There are two areas of deflection that need to be addressed: along the joists and in between the joists - BOTh must meet industry standards, or your installation is at high risk of failure. Any squeaks are a big red flag. The subflooring also must be well attached to the joists.
So, to define the joist deflection, you need to know the length of the unsupported span (this is often NOT the room size), the species of wood (it DOES make a difference), the width, height, and spacing of the joists. Then, the subfloor must be a minimum of 5/8" quality subflooring material - often you can't reach the minimum standards if it is old and has lots of holes in it - the spec is for new stuff, and most people want more than the minimum.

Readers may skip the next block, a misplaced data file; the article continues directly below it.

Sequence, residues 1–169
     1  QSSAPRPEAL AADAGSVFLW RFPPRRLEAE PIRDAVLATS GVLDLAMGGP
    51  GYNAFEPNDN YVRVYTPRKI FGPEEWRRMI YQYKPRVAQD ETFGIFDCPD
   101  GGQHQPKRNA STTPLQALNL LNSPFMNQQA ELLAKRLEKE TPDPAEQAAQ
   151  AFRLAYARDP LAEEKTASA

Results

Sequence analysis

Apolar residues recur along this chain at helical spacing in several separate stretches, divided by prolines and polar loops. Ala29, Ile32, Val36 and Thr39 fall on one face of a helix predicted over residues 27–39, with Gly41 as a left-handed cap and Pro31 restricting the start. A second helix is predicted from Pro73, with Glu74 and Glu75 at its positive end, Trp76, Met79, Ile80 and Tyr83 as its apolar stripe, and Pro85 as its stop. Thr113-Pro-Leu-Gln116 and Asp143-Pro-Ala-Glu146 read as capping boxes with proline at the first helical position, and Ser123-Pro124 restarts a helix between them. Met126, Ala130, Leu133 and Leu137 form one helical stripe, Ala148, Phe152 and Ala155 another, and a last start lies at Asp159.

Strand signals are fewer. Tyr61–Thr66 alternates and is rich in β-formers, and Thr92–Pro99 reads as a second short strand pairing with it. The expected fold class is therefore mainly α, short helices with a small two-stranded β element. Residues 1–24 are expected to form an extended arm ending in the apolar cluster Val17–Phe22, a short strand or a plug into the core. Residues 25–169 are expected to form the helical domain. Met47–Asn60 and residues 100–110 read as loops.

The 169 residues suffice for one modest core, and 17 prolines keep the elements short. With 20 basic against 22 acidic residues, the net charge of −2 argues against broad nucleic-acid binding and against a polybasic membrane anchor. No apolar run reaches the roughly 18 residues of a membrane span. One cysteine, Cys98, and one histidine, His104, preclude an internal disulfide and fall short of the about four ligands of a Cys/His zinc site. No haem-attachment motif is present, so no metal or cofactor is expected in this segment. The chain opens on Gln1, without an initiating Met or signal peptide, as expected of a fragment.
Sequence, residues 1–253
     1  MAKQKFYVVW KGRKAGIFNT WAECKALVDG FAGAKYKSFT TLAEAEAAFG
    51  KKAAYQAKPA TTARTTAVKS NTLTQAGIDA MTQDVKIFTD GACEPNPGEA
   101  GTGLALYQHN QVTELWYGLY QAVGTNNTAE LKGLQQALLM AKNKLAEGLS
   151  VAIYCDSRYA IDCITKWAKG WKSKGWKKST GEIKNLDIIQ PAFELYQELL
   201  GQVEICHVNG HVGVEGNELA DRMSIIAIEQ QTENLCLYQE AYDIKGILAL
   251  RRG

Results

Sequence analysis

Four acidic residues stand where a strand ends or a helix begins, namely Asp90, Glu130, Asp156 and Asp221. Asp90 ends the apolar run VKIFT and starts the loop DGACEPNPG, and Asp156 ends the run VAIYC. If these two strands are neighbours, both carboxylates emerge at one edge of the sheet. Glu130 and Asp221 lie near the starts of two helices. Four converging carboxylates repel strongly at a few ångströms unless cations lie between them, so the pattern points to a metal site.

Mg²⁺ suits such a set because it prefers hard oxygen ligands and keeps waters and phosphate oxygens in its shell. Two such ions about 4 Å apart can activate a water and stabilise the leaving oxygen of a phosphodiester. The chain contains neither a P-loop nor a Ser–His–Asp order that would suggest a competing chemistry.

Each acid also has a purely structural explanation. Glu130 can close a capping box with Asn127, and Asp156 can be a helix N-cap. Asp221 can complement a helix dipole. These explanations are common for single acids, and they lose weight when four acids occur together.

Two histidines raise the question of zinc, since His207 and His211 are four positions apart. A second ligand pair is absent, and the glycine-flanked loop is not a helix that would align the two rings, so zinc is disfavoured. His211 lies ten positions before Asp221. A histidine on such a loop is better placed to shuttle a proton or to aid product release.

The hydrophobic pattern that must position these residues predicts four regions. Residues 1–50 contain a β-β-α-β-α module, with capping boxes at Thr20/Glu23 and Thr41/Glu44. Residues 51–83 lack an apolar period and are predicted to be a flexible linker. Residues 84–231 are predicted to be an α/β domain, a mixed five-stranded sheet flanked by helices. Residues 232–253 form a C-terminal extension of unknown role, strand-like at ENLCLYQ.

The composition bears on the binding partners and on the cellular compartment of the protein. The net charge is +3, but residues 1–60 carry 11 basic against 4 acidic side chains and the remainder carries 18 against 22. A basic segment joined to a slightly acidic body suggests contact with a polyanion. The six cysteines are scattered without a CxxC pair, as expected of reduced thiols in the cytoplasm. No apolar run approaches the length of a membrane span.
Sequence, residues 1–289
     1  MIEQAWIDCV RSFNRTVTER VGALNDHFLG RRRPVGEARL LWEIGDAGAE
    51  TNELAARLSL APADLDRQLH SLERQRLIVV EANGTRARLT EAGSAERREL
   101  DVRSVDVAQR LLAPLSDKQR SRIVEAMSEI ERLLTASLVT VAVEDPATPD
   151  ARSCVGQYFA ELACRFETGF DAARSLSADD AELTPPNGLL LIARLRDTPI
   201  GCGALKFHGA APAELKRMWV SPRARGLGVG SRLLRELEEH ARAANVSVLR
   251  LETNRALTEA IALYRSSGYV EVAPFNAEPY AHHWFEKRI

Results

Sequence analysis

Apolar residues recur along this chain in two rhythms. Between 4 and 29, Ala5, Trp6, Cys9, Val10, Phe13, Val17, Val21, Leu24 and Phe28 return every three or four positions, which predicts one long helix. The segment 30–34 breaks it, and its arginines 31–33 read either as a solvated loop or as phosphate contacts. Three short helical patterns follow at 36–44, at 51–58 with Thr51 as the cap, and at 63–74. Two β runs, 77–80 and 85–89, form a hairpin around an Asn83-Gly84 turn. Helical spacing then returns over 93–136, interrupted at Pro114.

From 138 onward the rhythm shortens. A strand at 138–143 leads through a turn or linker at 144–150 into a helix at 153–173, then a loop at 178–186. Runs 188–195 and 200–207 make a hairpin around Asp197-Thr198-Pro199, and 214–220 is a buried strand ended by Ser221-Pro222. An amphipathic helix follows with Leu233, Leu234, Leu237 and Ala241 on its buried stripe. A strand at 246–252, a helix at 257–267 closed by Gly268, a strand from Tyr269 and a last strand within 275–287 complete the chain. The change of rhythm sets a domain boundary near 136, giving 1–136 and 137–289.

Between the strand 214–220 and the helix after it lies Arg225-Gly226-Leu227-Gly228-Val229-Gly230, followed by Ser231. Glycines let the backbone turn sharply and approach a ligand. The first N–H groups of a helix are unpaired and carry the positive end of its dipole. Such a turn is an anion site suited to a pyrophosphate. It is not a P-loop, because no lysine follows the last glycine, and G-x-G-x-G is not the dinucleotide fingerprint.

You need to determine if it is the joists deflecting, the subfloor deflecting, or loose ply to the joists. The use of screws to hold the subflooring down is good if you don't first glue it to the joists, but if you use construction adhesive to glue the subfloor, ring-shank nails usually work fine - once the adhesive sets, they're sort of redundent anyways.
If the joists are deficient, you could add a couple of support piers and a beam below. If the subflooring is deficient, it's much easier to fix if you tear out what you have and add a second layer. Note, a second layer of ply is REQUIRED, if you're planning a natural stone tile verses a ceramic one. To save on height, you could use something like Ditra from www.schluter.com - it's about 1/2 the thickness of cbu, but it will NOT compensate for an improper subfloor.